A lot of new traders donít realise that in many cases their brokers donít even place their orders on the market. They happily sit back and let the newbies think they are making profit. If they try to withdraw they suddenly find their broker unavailable, but in most cases their profits eventually turn to losses and they are never aware that they could never win in the long run anyway
This is, unfortunately, true. I don't know how or why newcomers end up with some of these small, unheard of, unregulated brokers. Why not always deal with a properly regulated, big broker.

Naturally, it would be unrealistic for any broker to match and monitor each and every trade place by its (smaller) retail clients. They are only concerned with their own overall exposure and the more substantial trades that some clients would place.

It is clear from statistics that at least 75-80% of their clients will lose their capital anyway and that the minimal size of their capital combined with current low leverage levels assures that no individual could ever present a financial threat, and therefore requires no individual monitoring or hedging actions. Easy earnings for the broker.

Caesar

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Re: The state of fx retail trading
« Reply #8 on: September 21, 2019, 10:40:51 AM »
ďI don't know how or why newcomers end up with some of these small, unheard of, unregulated brokersď

Because they offer huge leverage, low deposits, competitions, and bonus deposits.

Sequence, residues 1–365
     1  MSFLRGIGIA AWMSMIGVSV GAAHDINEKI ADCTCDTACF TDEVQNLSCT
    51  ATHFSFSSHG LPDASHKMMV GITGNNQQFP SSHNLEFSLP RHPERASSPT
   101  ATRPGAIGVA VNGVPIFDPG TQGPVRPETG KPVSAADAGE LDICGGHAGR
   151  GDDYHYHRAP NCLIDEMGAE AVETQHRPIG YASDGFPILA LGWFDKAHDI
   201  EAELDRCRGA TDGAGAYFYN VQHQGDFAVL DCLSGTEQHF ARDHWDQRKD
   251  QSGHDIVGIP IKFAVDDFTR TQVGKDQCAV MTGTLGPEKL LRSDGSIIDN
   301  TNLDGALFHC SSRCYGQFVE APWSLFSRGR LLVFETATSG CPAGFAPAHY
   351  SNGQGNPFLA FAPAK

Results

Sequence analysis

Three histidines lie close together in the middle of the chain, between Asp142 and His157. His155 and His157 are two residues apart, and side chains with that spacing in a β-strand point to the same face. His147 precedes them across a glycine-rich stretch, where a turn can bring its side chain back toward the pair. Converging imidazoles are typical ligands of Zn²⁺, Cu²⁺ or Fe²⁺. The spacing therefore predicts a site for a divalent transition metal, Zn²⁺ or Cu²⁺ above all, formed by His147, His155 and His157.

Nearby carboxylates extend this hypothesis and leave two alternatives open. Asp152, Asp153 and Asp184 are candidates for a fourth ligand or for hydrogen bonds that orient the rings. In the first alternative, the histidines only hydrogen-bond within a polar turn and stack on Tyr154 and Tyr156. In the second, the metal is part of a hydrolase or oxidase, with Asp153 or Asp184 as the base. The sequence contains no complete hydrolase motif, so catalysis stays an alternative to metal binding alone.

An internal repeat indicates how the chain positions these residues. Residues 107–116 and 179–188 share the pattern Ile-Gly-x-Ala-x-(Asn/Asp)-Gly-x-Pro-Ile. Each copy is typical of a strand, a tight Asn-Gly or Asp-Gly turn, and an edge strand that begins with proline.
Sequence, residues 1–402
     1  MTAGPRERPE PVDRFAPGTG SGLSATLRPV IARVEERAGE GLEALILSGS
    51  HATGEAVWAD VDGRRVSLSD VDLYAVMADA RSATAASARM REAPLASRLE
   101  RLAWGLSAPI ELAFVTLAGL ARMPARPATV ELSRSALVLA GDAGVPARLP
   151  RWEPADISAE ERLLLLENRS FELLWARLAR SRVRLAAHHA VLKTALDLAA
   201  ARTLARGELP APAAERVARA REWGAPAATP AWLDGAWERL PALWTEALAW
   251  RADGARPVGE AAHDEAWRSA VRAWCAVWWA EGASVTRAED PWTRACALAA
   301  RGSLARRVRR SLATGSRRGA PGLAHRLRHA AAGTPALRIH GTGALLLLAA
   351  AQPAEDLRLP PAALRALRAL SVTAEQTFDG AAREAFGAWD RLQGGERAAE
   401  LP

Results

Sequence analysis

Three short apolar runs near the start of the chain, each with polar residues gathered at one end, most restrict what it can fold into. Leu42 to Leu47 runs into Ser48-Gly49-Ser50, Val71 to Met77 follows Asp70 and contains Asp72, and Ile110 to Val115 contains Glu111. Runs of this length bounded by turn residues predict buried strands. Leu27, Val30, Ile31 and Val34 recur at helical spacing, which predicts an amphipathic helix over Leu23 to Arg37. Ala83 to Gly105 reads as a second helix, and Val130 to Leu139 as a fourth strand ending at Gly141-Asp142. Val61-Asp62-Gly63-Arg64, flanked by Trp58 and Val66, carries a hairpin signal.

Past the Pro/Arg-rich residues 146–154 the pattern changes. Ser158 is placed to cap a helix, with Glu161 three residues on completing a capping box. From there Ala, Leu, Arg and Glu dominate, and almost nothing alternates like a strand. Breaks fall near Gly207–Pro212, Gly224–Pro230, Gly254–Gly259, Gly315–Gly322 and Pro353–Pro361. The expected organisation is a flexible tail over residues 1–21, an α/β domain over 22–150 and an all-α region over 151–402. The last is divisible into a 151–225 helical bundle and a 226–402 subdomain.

Target peopleís greed and youíll win every time

Kaitsu

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Re: The state of fx retail trading
« Reply #9 on: September 21, 2019, 11:10:18 AM »
Because they offer huge leverage, low deposits, competitions, and bonus deposits.
Target peopleís greed and youíll win every time

Regrettably, this is so.  And incredible that people do not see this.

It is a real pity because extensive losses create the illusion that FX trading is inherently difficult if not impossible (that is not to say that it is easy). Whereas the real reason why there is such a high percentage of losers is the non-existent entry criteria concerning training, understanding, capability and intelligence.

The problem is that such a high failure rate and the causes of it create greater restrictions from regulators for those that take their trading seriously and professionally. But I don't think that is actually such a big problem yet.